Here's the results of my new pizza experiment.
This time I decided to use 3% starter as a percentage of flour with the hope of reducing acidity. I also measured the pH of the starter right when it had doubled and was pleasantly surprised to find that it was 4.5 ( at its most acidic it was 3.7-4 ). This leads me to conclude that the best time to use the starter is just when it starts activate as it rapidly grows more acidic afterwards. I also added a tiny pinch of IDY just to increase the ratio of yeast to bacteria and further decrease acidity. I fermented in bulk at 75į until doubled which was 12 hours later. I then divided into four balls, refrigerated it for 12 hours, took it out for two hours to warm up and baked. The taste was nice and not at all acidic. Next time I will be willing to try 3% starter only to maximize the flavor of the starter. But I wonder how much longer it's going to take to ferment... 24 hours maybe?
This was the first time I went directly from the peel to the stone. For the first pizza, I constructed the pizza on the counter and attempted to slide the peel underneath. This did not work very well and I had to use a lot of flour and repair holes in the pizza. The bottom was completely black and burned.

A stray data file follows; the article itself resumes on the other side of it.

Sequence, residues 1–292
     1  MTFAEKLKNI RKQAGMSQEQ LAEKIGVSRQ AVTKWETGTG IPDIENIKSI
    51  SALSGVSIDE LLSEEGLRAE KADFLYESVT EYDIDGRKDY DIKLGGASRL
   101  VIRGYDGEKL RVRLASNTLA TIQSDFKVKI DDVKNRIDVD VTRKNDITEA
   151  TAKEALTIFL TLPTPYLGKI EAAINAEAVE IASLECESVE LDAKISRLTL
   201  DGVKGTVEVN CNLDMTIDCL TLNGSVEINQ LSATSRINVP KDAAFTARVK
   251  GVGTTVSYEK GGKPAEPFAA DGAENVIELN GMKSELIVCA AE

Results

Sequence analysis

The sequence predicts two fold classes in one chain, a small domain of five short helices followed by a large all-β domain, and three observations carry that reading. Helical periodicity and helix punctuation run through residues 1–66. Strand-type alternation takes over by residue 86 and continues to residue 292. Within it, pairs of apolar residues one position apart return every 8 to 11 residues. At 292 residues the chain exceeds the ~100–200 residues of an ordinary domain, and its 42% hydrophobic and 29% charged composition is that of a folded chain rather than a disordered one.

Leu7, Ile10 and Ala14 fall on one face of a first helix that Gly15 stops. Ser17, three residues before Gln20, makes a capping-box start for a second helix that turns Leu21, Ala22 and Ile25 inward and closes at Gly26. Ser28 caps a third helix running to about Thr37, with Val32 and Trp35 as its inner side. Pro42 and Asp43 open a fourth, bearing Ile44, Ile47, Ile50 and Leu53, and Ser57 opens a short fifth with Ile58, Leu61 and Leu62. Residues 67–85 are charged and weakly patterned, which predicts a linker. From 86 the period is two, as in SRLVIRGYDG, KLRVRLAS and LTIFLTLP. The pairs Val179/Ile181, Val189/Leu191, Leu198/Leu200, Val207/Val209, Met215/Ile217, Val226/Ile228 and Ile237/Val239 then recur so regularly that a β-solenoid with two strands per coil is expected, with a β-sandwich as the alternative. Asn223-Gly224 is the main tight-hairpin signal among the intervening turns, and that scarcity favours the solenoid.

For the second pizza, I constructed it on the peel( mine's made of wood) and kept shaking it to make sure that it would slide. This worked significantly better and burned much less, which leads me to conclude that this is a much easier method then slipping a peel underneath a fully constructed pizza. Any thoughts?
Results: This is a picture of the second pie - four cheese pizza with cultivated oregano and white truffle oil drizzled at the end. The second picture is out of focus because I was holding the pizza with one hand and the camera with the other. The top could still use a little more browning, but the bottom looks nice. I am thinking of using a little bit of malt syrup to increase browning, but I have to figure out how much. Any thoughts on this?